When you have found the online marketing strategies for your small business, the next thing is to estimate the profitability of your marketing campaigns. A goal for your marketing profitability for your online business should be that it at least “pays for itself” and hopefully also contribute to your profit margin.
Improve your marketing profitability with 3 key figures.
You can use tree key figures to make a qualified guess on how much you will earn on a given marketing announcement. The key figures you need are the conversion rate of your site, the average order value and the average profit margin on your products. The estimation of the marketing profitability will be no more than a guess, but it will never the less help you to determine if you should go ahead and use the given marketing solution.
First of all you need to calculate your conversion rate and average order. Here is a quick intro on how you can calculate the conversion rate.
How to calculate your conversion rate.
The conversion rate is a key figure that tells you: within a 100 customers, how many of these customers are buying something. As you want to use the conversion rate to estimate the profitability of your marketing, I would recommend using unique visitors in the calculation. The way you calculate the conversion rate is:
Number of orders / Number of unique visitors x 100
30 orders / 1.000 unique visitors x 100 = conversion rate 3%
What if I don’t know my conversion rate?
If you don’t know the conversion rate of your e-commerces site, you can use the average conversion rate for eCommerce’s sites as a whole, or for eCommerce’s in your niche, if you can find this figure. For eCommerces as a hole, the conversion rate is around 2.2 percentages (according to shop.org). This figure is an average for all Internet businesses and will of course differ dependent on what business you are in. If you run a new eCommerce websites, you probably has a conversion rate that is lower than 2,2%.
What if I don’t have any average order value?
If you have a new website with no sales, you can make a conservative guess on what an average order value could be for your site.
If the goal of your website is not to sell anything, you should still use average order value as a measure. The way you could do this is to figure out what a give activity are worth to your. An activity could be signing up for a newsletter, clicking on a banner ad etc.
Estimation of your marketing profitability.
Case: You consider advertising on a portal with 1.000 unique visitors a day (30.000 a month). The price of a banner ad is 100$ per month. The ad will be placed in a category with 7 subcategories.
Now the question is: Is a 100$ a fair price?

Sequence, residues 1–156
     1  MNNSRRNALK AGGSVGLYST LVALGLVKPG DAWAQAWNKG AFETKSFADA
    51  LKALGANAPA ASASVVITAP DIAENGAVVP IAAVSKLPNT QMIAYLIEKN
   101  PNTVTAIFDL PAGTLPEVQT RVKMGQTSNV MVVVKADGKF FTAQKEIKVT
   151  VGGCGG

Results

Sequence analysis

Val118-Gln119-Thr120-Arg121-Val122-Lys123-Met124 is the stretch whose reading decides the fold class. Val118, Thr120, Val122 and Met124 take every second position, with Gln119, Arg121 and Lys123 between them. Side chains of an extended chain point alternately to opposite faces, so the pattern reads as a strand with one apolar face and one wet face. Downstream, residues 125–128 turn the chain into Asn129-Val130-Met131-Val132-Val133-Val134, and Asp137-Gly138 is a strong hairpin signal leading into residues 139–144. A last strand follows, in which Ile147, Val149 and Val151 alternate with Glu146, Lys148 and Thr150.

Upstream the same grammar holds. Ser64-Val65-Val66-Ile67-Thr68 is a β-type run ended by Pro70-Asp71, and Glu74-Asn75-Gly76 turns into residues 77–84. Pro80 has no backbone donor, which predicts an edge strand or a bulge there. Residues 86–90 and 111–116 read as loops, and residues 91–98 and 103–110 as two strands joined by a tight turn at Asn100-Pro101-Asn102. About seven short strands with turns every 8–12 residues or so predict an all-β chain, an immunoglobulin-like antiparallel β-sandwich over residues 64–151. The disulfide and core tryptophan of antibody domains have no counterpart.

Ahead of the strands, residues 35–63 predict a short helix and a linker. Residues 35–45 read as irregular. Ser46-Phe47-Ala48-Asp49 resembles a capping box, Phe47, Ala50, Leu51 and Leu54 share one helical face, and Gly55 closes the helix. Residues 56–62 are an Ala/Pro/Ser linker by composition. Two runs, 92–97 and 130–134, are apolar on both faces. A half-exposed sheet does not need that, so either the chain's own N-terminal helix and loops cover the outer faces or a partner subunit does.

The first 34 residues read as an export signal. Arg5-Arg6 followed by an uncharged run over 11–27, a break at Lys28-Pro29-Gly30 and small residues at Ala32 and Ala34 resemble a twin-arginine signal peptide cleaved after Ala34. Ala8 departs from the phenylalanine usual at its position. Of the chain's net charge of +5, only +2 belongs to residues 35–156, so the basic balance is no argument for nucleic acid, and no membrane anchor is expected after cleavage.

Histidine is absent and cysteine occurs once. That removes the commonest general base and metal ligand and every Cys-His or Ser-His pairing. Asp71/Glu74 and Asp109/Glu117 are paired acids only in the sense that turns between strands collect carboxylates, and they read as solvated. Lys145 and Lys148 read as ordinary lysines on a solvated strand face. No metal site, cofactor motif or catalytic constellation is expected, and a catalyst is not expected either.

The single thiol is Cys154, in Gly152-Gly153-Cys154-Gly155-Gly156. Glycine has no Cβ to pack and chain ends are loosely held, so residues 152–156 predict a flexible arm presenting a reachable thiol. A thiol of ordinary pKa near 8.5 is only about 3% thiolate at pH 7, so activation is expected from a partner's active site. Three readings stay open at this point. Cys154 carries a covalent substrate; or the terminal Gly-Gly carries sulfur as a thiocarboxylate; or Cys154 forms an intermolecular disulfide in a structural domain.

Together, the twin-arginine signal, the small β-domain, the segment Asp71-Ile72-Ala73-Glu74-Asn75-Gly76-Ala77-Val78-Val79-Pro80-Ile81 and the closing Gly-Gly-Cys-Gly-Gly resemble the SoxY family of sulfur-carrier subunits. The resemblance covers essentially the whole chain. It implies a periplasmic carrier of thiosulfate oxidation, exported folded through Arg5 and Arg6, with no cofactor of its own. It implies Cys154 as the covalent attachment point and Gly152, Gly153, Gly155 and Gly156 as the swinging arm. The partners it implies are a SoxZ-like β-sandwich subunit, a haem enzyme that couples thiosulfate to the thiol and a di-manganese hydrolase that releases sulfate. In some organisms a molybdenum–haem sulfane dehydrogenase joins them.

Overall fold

- Let’s say that the head category where your ad is populated is very popular. 30% of all visitors to the portal clicks on it (that’s 30% of 30.000 = 9.000 visitors a month).
- Your ad is placed in one of 7 sub categories and 30% of the portal visitors clicks on “your” subcategory (30% of 9.000 = 2.700 visitors).
- Your ad is placed as number 4 out of 10 ads. The other ads sell the same products as you. You have a good text and a nice picture on your ad. Therefore, 30% of the visitors click on your ad (30% of 2.700 = 810 visitors).
- Let’s say you have a conversion rate on 2%, an average order value on 100$ and that your average profit margin is 30%. This will give you an estimated revenue on:
810 visitors x 2% conversion rate = 16 orders.
16 orders x 100$ average order value = 1.600$ gross sales.
1.600$ gross sales x 30% profit margin = 480$ revenue.
Conclusion: It is worth trying to advertise on the portal!
- Let’s say that the head category of your ad has 10% of all visitors on the portal (that’s 10% of 30.000 = 3.000 visitors a month).
- Your ad is placed in one of 7 sub categories and 20% clicks on “your” subcategory (20% of 3.000 = 600 visitors).
- Your ad is placed as number 10 out of 10 ads. The 10 other ads all sell the same products as you. Therefore, 10% of the visitors click on your ad (10% of 600 = 60 visitors).
- Let’s say you have a conversion rate on 1,2% (you have a new website), an average order value of 100$ and that your average profit margin is 50%. This will give you an estimated revenue on:
60 visitors x 1,2% conversion rate = 1 orders.
1 orders x 100$ average order = 100$ gross sales.
100$ gross sales x 50% profit margin = 50$ revenue.
Conclusion: It is not worth trying to advertise on the portal!
As you can see from the above calculation examples, I have made a lot of assumptions about the visitors on the portal and were the ad is placed. To make your marketing profitability estimation as good as possible, you need to find out as much as you can about the place where you are going to do your marketing. Ask how many visitors the site where your ads is placed has and how many visitors the category where your ad is show has and so on.
And another thing! If you advertise some place new, do not sing up for a longer advertising period. A month is perfect, but 3 months can also be ok. Do not sign up for more than 3 months and be sure that you can get out of the agreement relatively fast if it’s not profitable. Often the more avid and pushy the salesperson is that you are talking to, the more you have to be on the lookout. The very best is if you can get a week or 14 days for free. Then you tracking system (in a later article I will discuss Google Analytics as a tracing system of your website) can help you to see if this is a place worth spending your marketing budget on. In general, you should always track if your ads has been effective and Google Analytics is a very good tool for this.
How do you estimate your marketing profitability?
Do you have any good advice on how to estimate the profitability of a given marketing campaign? Do you make an estimate before spending money on marketing? Or do you think that it is just a waste of time as it is only being a guess? Please leave a comment and share your thoughts.